Assumed audience: People who are at least a little familiar with the landscape of meal tracking apps, especially other serious amateur athletes.
Heads up: This post directly discusses caloric restriction and dieting.
I just got back from a long(ish) run and caught up on tracking my food intake for the day and once again got annoyed by how mediocre MyFitnessPal is for the task for athletes in particular.1 Most importantly: its design vocabulary starts and stops with losing weight. (It can be bent into supporting for people who want to maintain their current weight, or who need to gain weight, but as a key example of its design vocabulary’s limitations: it will not offer congratulations on anything but being “under your goal.”) For athletes, the fit is even worse.
My primary goal is not to lose weight, but instead to make sure I eat appropriately for my overall health and fitness. I would like to weight
No, I mean things like this: I have discovered through long experimentation over the years that it is fine and in fact very helpful for me to do some degree of caloric restriction on off days or days when I am doing some kind of aerobic base building work, whether running or cycling. Indeed, most days right now that is what I should do given my goal of being back at my optimal weight for race performance. At the same time, I have also found that I should not do any caloric restriction on days when I have done a hard workout — speed work, tempo runs, fartleks, long runs, etc. If I do, I feel terrible the next day. MyFitnessPal understands none of this, and comes near to chastising me for being over my caloric restriction goal on those days, even though I need to eat more to be healthy.
A meal-tracking app absolutely could support that kind of differentiation. It would simply need a design vocabulary expansive enough to capture different kinds of days. Preferably, in fact, it would come with some good defaults, but would support you as a user defining your own vocabulary if that were useful. (MyFitnessPal actually supports this for meal names… indicating that this is doable even for an app which is barely trying.) With that capability in place, I would define rest days, base training days, and hard workout days, with slightly different rules and targets for each. I could imagine that going even further, too: focusing on different macros based on my schedule, up to and including knowing what the next day’s schedule is.
An app focused on supporting athletes this way could integrate with APIs from Strava (or other fitness tracking apps),2 letting your actual activity inform what the day’s targets should be — in terms of calories and/or macros. For example: given even Strava’s simple system of tagging activities as “workout” or “long” or “race”, it would be straightforward to associate it with your existing rules for different kinds of days. Heck, MyFitnessPal could build this, though I would rather they start by fixing the basics in the app.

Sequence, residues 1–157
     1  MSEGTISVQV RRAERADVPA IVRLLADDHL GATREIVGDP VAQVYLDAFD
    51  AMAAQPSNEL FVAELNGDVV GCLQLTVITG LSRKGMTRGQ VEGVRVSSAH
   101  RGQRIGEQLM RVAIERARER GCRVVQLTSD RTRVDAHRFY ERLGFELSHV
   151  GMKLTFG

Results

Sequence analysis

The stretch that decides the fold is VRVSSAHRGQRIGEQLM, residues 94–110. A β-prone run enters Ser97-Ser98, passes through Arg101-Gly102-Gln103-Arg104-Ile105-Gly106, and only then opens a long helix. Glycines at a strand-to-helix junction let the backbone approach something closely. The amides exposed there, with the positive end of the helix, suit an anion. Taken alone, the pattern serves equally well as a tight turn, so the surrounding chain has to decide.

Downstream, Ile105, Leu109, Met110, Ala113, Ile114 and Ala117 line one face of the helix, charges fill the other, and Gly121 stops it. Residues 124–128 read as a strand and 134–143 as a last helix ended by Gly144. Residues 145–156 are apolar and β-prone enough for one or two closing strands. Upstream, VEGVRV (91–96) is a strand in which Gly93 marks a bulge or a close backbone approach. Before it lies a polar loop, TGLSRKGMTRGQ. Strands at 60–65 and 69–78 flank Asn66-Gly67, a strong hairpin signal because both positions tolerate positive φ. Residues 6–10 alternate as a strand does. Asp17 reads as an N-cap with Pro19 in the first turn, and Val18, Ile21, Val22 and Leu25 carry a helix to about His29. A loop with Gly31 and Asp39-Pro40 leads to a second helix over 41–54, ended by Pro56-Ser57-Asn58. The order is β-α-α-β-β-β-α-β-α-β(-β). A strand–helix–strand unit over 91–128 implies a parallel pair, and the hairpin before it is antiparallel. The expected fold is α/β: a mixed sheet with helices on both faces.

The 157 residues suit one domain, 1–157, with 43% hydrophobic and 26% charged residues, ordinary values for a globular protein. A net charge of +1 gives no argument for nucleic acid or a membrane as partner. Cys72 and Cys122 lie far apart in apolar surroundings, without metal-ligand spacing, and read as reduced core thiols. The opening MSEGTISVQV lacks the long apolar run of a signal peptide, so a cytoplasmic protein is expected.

I would absolutely pay money for this feature. I have no idea how many other people would, of course — “There are dozens of us!” might be the extent of it — but I would guess that a lot of other serious amateur athletes would appreciate it, and actual pro athletes even more so.
A reader (who noted their feedback wasn’t an ad, just an enthusiastic recommendation) suggested checking out Cronometer:
I’m also interested in meal tracking that isn’t strictly focused on losing weight. I’ve found the app Cronometer to be a HUGE improvement of my fitness pal. Although it doesn’t quite hit all the points in your post.
It is more configurable than my fitness pal, you can base your calories off of other sources (strava included), although not quite in the fine tuned way you described in your post. You can also just set a number of calories, or have it guess based on height/weight/age etc. You can also set custom macro goals for each day of the week. Macronutrient goals aren’t necessarily tied to calories, they can be set in grams too.
The customizability is nice, but personally the main reason I like Cronometer is that it shows a ton of information about your nutrient intake. At least for me, this takes a lot of the emphasis off of the weight and calories, and makes it more about living healthy.
I have just started playing with it, so I cannot say whether I will stick with it, but it may be worth checking out!
This is to say nothing of the app’s enduring mediocrity in every other way. It features astonishing feats of horrible app quality like: having zero state preservation or support for multitasking (good luck looking up a recipe in a browser and returning to an in-progress meal-logging session: said session is gone now!), showing the login screen half the time even when you are already logged in, not having support for dark mode until late 2022, etc. ↩︎
I highlight Strava not only because I use it but because it seems to be the most actively developed and its API most actively maintained. ↩︎